The Mapping Cancer Markers (MCM) project aims to comprehensively and systematically discover clinically useful markers to aid early cancer detection, identification of high-risk patients, and prediction of treatment response.
To power this research, we rely on World Community Grid volunteers who donate their computers’ spare capacity to carry out this extensive analysis. Finding all clinically useful markers would require processing thousands of patient samples and testing an astronomical number of marker combinations, which is not feasible even on World Community Grid. Instead, we use heuristics to reduce the search space, enabling us to tackle this challenge with the computing resources donated by volunteers like you.
Support our research and join World Community Grid today!”
Cancer development is a multi-step process that leads to uncontrolled tumour cell growth caused by and resulting in complex changes: many genes are amplified, deleted, mutated, up- or down-regulated, many pathways are activated or suppressed.Estimating from the CONCORD study across 1.9 million patients from 31 countries and 5 continents, current treatments achieve a 5-year survival rate for less than 50% of diagnosed cancer (Coleman, 2008). Approximately 12.7 million new cancer cases were diagnosed worldwide in 2008. Lung, female breast, colorectal & stomach cancers account for more than 40% of all cases. Almost 8 million deaths from cancer occurred worldwide in 2008. Lung, stomach, liver, colorectal & female breast cancers account for more than 50% of all cancer deaths (http://www.cancerresearchuk.org/cancer-info/cancerstats/world/).
Canadian cancer statistics (2012) indicates that lung cancer accounts for almost 14% of all cancer cases in Canada, leading to the highest number of deaths (20,100, 27% of all cancers). Years of research improved relative survival by 6% for all cancers since 1992. Highest improvements are for non-Hodgkin lymphoma & leukemias. Success in breast and prostate cancers has been achieved by finding molecular markers for early diagnosis and by individualized treatment. Highest survival is for thyroid, prostate & testicular cancers. However, pancreatic cancer remains almost 100% lethal, and the overall survival rate for lung cancer has improved barely during the past decades, having only moved from 13% to 16%.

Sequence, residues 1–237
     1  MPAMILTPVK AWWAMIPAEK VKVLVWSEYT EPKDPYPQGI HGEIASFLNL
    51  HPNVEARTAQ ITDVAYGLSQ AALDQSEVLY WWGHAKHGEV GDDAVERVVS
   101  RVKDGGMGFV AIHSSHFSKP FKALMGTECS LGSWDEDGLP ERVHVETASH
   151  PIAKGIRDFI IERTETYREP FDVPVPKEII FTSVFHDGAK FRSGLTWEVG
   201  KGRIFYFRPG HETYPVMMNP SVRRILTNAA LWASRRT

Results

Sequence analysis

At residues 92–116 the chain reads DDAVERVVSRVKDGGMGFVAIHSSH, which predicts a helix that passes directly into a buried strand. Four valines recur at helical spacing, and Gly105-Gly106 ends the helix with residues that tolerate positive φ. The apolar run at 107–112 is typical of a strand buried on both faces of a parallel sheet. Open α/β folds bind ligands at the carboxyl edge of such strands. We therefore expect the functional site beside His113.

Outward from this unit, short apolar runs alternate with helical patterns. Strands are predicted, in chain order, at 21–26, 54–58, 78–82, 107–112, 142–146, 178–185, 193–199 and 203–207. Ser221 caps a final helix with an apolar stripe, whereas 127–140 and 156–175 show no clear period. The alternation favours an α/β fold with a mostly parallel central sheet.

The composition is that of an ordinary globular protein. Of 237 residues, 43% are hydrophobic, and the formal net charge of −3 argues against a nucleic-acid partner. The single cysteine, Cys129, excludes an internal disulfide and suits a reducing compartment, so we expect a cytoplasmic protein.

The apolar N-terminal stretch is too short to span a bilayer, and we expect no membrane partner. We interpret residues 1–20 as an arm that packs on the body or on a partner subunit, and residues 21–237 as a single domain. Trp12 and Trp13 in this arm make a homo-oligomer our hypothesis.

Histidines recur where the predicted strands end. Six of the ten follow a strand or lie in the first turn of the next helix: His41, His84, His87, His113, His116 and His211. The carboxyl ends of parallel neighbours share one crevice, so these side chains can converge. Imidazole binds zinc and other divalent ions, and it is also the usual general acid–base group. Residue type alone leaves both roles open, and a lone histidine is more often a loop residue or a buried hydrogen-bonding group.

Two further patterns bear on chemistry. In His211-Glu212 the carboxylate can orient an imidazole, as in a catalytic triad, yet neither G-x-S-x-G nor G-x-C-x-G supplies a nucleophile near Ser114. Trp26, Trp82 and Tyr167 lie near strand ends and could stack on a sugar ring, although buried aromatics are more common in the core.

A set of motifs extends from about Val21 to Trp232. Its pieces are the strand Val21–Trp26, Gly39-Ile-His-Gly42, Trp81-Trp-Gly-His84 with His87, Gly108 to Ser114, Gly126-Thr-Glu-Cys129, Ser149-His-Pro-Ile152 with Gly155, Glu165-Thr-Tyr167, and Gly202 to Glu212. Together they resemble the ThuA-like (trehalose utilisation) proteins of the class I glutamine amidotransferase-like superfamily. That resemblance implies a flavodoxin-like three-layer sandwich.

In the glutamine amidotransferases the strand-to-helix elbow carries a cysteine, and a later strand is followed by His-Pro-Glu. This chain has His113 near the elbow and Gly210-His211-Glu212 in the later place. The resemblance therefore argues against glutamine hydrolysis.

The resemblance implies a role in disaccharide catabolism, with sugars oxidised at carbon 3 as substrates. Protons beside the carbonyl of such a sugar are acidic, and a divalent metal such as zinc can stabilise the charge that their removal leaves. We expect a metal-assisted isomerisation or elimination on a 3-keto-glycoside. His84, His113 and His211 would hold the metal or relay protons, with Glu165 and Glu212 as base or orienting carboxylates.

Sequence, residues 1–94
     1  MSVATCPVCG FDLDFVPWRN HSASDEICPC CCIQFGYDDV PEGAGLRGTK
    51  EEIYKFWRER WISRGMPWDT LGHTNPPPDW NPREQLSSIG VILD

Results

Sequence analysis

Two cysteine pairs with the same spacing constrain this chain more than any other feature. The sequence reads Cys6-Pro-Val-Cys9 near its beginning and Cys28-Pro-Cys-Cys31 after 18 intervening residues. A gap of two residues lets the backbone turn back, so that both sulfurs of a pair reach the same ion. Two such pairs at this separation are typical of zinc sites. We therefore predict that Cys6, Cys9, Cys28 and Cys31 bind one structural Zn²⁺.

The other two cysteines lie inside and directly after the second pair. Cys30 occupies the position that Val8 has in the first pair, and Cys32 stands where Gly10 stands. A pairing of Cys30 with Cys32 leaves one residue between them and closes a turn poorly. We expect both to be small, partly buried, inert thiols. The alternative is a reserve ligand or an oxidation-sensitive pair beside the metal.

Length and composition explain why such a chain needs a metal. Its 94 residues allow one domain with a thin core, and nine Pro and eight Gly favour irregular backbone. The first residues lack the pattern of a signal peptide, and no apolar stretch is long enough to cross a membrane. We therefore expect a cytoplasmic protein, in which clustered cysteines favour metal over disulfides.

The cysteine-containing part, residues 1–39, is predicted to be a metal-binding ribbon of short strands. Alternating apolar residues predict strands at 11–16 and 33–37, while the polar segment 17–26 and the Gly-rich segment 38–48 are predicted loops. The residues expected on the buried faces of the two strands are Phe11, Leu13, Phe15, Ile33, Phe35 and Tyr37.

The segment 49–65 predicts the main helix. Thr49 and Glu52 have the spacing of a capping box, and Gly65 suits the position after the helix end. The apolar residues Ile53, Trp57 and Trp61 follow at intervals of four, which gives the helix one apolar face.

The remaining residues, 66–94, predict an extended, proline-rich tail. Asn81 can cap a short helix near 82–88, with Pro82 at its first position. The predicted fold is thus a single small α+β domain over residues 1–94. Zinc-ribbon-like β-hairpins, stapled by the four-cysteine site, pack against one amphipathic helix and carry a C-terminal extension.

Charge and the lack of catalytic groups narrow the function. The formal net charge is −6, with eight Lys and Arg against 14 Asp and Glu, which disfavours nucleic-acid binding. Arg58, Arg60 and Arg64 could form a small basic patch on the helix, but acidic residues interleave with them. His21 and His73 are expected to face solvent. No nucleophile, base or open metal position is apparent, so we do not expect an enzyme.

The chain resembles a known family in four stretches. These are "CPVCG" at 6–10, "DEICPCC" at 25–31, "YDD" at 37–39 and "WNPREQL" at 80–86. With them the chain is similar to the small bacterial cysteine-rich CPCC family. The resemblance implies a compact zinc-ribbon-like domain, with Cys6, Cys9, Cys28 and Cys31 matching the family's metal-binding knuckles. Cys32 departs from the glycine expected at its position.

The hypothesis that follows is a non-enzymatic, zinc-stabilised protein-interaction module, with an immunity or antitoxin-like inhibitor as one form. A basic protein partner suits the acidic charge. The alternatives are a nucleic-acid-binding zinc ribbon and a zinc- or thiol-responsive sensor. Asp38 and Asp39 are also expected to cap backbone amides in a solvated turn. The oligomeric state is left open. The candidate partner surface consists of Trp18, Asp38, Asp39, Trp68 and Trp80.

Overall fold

Cancer is caused by genetic changes or environmental effects that interfere with the mechanisms that control cell growth. These changes, as well as normal cell activities, can be detected in tissue samples through the presence of unique indicators, such as DNA and proteins, which together are known as “markers.” Specific combinations of these markers may be associated with a given type of cancer, indicate patient’s risk of cancer recurrence, or indicate probability of patient’s response to treatment. While several markers are already known to be associated with certain cancers, there are many more to be discovered, as cancer is highly heterogeneous.
The discovery and validation of biomarkers is complex and computationally intensive process. It involves analyzing hundreds of thousands of parameters (clinical variables, gene, protein, microRNA, activity, etc.) to identify subsets that best describe patients, their prognosis and response to treatment. Finding all clinically useful markers and selecting the best subset represents a challenging computational optimization task as we would need to compare all possible parameter combinations.
The Mapping Cancer Markers (MCM) project focuses on clinical application – discovering specific groups of markers that can be used to improve detection, diagnosis, prognosis and treatment of cancer. As a second goal, the comprehensive analysis of existing molecular profiles of cancer samples will lead to unraveling characteristics of such groups of markers – and in turn improving our understanding how to find them more efficiently.
Our strategy to reduce mortality includes three steps:
- Increase number of cases diagnosed at earlier stage